Getting a kick out of ‘sledsharing’

kicksled sharng

Being without wheels – which aren’t always all that helpful in Longyearbyen – just got a bit easier.

Locals and visitors, especially students, are discovering the joys of cruising the town on 25 new kicksleds available free for the sharing. The sleds were strategically distributed in January, but are now more likely to be found at schools than stores.

“I think it’s a very nice thing to do for us students and schoolchildren who don’t have the opportunity to take the bus,” said Sivert Svarstad, 13, who’s been using the kicksleds daily to get to Longyearbyen School and other stops around town – although he and others say they’re not always at the right place at the right time.

“If you’re in a hurry and going to school, and there’s only half-an-hour until the lecture starts,” Jøran Skaar, 28, at student The University Centre in Svalbard who was helping his friend Stig Lunde escort a kicksled with a large package from the post office to Nybyen.

The kicksleds were made possible by a 100,000-kroner grant to Visit Svalbard from the Svalbard Environmental Protection Fund. last fall. The sleds are painted a distinctive green and are fitted with a sign explaining the rules of sharing (in Norwegian).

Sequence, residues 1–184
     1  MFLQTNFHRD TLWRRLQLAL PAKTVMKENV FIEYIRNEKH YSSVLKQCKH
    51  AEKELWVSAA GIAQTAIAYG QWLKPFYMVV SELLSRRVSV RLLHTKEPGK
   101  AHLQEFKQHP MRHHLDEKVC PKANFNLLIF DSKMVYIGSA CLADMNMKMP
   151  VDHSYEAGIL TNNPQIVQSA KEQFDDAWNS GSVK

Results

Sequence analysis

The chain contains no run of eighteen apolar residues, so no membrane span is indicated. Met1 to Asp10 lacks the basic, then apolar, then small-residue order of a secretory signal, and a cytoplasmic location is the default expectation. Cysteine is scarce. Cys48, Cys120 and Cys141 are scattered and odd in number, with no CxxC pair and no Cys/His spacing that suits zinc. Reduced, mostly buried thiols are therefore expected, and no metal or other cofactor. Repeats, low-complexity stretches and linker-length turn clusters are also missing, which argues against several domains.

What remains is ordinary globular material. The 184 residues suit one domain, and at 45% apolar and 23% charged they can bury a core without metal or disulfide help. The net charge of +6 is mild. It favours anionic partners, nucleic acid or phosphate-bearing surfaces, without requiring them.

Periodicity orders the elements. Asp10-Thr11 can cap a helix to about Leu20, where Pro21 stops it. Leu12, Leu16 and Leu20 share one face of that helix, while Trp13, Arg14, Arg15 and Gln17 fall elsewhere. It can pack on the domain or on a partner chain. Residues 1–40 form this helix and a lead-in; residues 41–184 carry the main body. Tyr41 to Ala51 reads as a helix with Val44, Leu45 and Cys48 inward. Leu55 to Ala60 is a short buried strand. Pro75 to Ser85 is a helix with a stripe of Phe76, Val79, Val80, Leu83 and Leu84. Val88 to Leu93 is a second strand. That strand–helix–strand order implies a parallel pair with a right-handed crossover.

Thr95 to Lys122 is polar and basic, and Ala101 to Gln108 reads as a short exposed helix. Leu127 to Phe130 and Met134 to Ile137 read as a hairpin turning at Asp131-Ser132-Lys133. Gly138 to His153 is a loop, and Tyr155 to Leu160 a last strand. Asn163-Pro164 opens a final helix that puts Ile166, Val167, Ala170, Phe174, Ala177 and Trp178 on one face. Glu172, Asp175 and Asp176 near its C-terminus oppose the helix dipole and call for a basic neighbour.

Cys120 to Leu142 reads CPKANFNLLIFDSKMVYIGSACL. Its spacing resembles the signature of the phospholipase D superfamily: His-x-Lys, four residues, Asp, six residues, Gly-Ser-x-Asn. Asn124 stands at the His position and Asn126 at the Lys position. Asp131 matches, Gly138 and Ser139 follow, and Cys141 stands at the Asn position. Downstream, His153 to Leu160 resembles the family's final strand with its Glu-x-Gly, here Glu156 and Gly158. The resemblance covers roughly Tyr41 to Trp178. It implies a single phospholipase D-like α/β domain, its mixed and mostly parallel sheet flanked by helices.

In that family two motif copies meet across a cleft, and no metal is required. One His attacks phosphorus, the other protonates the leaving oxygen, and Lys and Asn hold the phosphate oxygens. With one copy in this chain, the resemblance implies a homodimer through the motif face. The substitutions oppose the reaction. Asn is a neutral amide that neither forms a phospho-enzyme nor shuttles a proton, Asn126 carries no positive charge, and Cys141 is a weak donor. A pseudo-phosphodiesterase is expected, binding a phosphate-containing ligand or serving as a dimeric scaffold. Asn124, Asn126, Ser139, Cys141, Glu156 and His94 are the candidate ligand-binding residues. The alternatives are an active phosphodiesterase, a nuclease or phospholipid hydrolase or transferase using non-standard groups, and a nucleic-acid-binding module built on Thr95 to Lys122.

“We chose the largest and most robust kicksleds,” wrote Trine Krystad, the project’s manager, in an e-mail interview.
Several sleds have been spotted in relatively abandoned areas and/or with damaged signs during the month they’ve been in use, but Krystad said so far the sleds are holding up and it appears people are respecting the rules.

One concern, Krystad said, is the city frequently needs to spread gravel on roads due to ice, which hinders the sleds.

Kicksled sharing is not a new concept, with Krystad noting they’re available in a handful of other Norwegian communities. Spitsbergen Travel has also been making them available for guests at their hotels.